support personnel have no reason to be knowledgeable about these
applications.  Only Microchip's own ICE group and 3rd party ICE developers
would really need to be familiar with the nuances of implementing ICE
functions.  By limiting access to these devices and the associated
documentation, Microchip limits their support exposure to their production
parts.


Jerry Merrill

TakeThisOuTjerrymEraseMEspamspam_OUTtech-tools.com
http://www.tech-tools.com
FAX: (972) 494-5814
VOICE:(972) 272-9392
TechTools
PO Box 462101
Garland,  TX  75046-2101

2000\03\13@165014 by Nigel Goodwin

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In message <RemoveMENDBBKGDCCLOPMOPDIPEAIEFLCCAA.sas76spamTakeThisOuTcornell.edu>, Saeed Saeed
<sas76EraseMEspam.....CORNELL.EDU> writes
>Where can I find this program at?

You can download the IceBreaker software from either EPE 'http://www.epe
mag.wimborne.co.uk' or Magenta 'http://www.magenta2000.co.uk', but I
don't know if they include the demo programs or not - they were supplied
on the floppy disk with the IceBreaker kit.
--

Nigel.

       /--------------------------------------------------------------\
       | Nigel Goodwin   | Internet : EraseMEnigelgspamlpilsley.demon.co.uk     |
       | Lower Pilsley   | Web Page : http://www.lpilsley.demon.co.uk |
       | Chesterfield    | Official site for Shin Ki and New Spirit   |
       | England         |                 Ju Jitsu                   |
       \--------------------------------------------------------------/

2000\03\13@165023 by Nigel Goodwin

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In message <v0421011cb4f1daf37209@[24.161.74.175]>, Reginald Neale
<RemoveMErnealeEraseMEspamEraseMEPOP-SERVER.ROCHESTER.RR.COM> writes
>What does this package do that the simulation function of MPLAB
>doesn't do? The Watch Window etc. looks very similar. How does it
>handle devices that have built in A/D?

It uses a pre-programmed 16F877, and as such you can use all the
functions of that chip, with the obvious exceptions of the pins and
memory used for interfacing to the PC. The advantage over a simulator is
that it runs in actual hardware, so can be connected to your physical
sensors etc., plus it runs at full speed as well.

My next little test project is to use the A/D and display the results on
the LCD screen.
--

Nigel.

       /--------------------------------------------------------------\
       | Nigel Goodwin   | Internet : RemoveMEnigelgspam_OUTspamKILLspamlpilsley.demon.co.uk     |
       | Lower Pilsley   | Web Page : http://www.lpilsley.demon.co.uk |
       | Chesterfield    | Official site for Shin Ki and New Spirit   |
       | England         |                 Ju Jitsu                   |
       \--------------------------------------------------------------/

2000\03\13@170106 by Jerry Merrill

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At 01:20 PM 3/13/00 , you wrote:
>I love a good argument <GRIN>
>

I thought that might make your day.

>Facts remain:
>1. ICE is NOT a production chip. They are modified versions of production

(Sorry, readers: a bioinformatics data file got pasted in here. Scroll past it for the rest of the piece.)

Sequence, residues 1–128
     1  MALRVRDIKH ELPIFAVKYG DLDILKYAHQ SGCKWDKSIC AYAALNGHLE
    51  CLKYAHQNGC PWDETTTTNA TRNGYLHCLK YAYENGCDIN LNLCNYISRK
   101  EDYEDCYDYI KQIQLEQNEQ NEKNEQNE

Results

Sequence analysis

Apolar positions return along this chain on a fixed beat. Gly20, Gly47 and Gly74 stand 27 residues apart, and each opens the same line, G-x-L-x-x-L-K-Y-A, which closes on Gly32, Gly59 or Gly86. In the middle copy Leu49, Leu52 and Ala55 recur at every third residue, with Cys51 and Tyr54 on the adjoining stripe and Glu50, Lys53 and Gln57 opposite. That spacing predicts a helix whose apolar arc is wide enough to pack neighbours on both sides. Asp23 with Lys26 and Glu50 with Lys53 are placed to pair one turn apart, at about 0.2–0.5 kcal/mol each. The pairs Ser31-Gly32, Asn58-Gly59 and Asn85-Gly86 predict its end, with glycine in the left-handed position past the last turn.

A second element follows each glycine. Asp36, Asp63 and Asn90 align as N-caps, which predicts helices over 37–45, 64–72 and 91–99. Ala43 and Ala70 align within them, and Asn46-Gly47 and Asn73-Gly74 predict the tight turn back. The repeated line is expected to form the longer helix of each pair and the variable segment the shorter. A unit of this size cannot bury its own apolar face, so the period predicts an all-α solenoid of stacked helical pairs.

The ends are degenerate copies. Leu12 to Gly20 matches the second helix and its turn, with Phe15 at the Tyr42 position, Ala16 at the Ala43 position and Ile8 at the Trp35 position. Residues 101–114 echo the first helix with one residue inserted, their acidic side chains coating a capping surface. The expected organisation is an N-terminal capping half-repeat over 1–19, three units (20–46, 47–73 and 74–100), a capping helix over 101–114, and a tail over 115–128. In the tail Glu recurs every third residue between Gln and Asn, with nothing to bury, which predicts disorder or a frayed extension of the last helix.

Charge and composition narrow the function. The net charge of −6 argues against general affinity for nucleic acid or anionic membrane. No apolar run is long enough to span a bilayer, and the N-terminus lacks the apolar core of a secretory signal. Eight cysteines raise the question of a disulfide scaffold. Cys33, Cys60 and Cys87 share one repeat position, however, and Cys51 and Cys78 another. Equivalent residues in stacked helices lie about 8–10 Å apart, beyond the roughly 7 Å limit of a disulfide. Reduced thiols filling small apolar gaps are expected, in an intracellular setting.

>chips. They may be very close... and I'm willing to give that they will
>probably work just as production chip in 99.999999 percent of cases. But
>they are NOT production chips. Can't ICE actual production device. You must
>remove the production CPU and insert ICE.
>

I still disagree.  You are correct that you must replace the PRODUCTION
chip with the ICE.  However, the target side of the ICE is a direct
connection between the target pins and the bondout.  Inside of the bondout,
these pins are bonded directly to PRODUCTION silicon...REALLY!  The
bondouts do not LOOK like the normal production ships because they are
bonded to a larger pin frame to allow the extra signals to brought out.  I
will concede that the ICE adds a cable and connectors to the equation, but
the silicon at the end of the wire is IDENTICAL to the silicon molded into
production chips.


>2. Expense does matter and does make ICE not as good as ICD. Especially to
>"the rest of us." The "if you can't afford..." thing really gets me going.
><GRIN>
>

Agreed. Expense is certainly part of the equation and an ICD wins that
point hands-down.  I do not consider ICD users as 2nd class developers,
just under budgeted :)  I would probably not justify buying an ICE for
myself unless I were a consultant.  I would expect my boss to foot that bill.

>3. Extra features of ICE are (IMH(N)O) minor compared to extra cost. I can
>see most all the things you mentioned happening from ICD as "after the fact"
>type of "oh! that's what must have happened" events. Not as good, but still
>ok.
>

You always learn to work with what you have.  I've worked on projects at
other companies where NO debugging tools were provided.  In that case, you
buy your own (ouch), find a debug monitor (if target resources allow), use
'print' type debugging or even crash-n-burn (extensive desk-checking, add
what-if code fragments to test hypothesis about what is going wrong,
program a part, and observe.)

An ICE can save weeks of work sometimes.  For example, an ICE can tell you
WHICH line of code set a particular variable to a particular value!  This
is a very dynamic type of bug that can be captured instantly with an ICE
but is extremely difficult to deduce.

It really comes down to an evaluation of the cost of tools vs. time.

>Points conceded:
>1. ICE doesn't use processor resources (like RB6&7, registers etc...) but
>these are details of MCHip implementation. Scenix "did it right" and used
>the OSC pins so no processor resources are involved.
>

Agreed on the usage of OSC pins for debugger communications - very slick.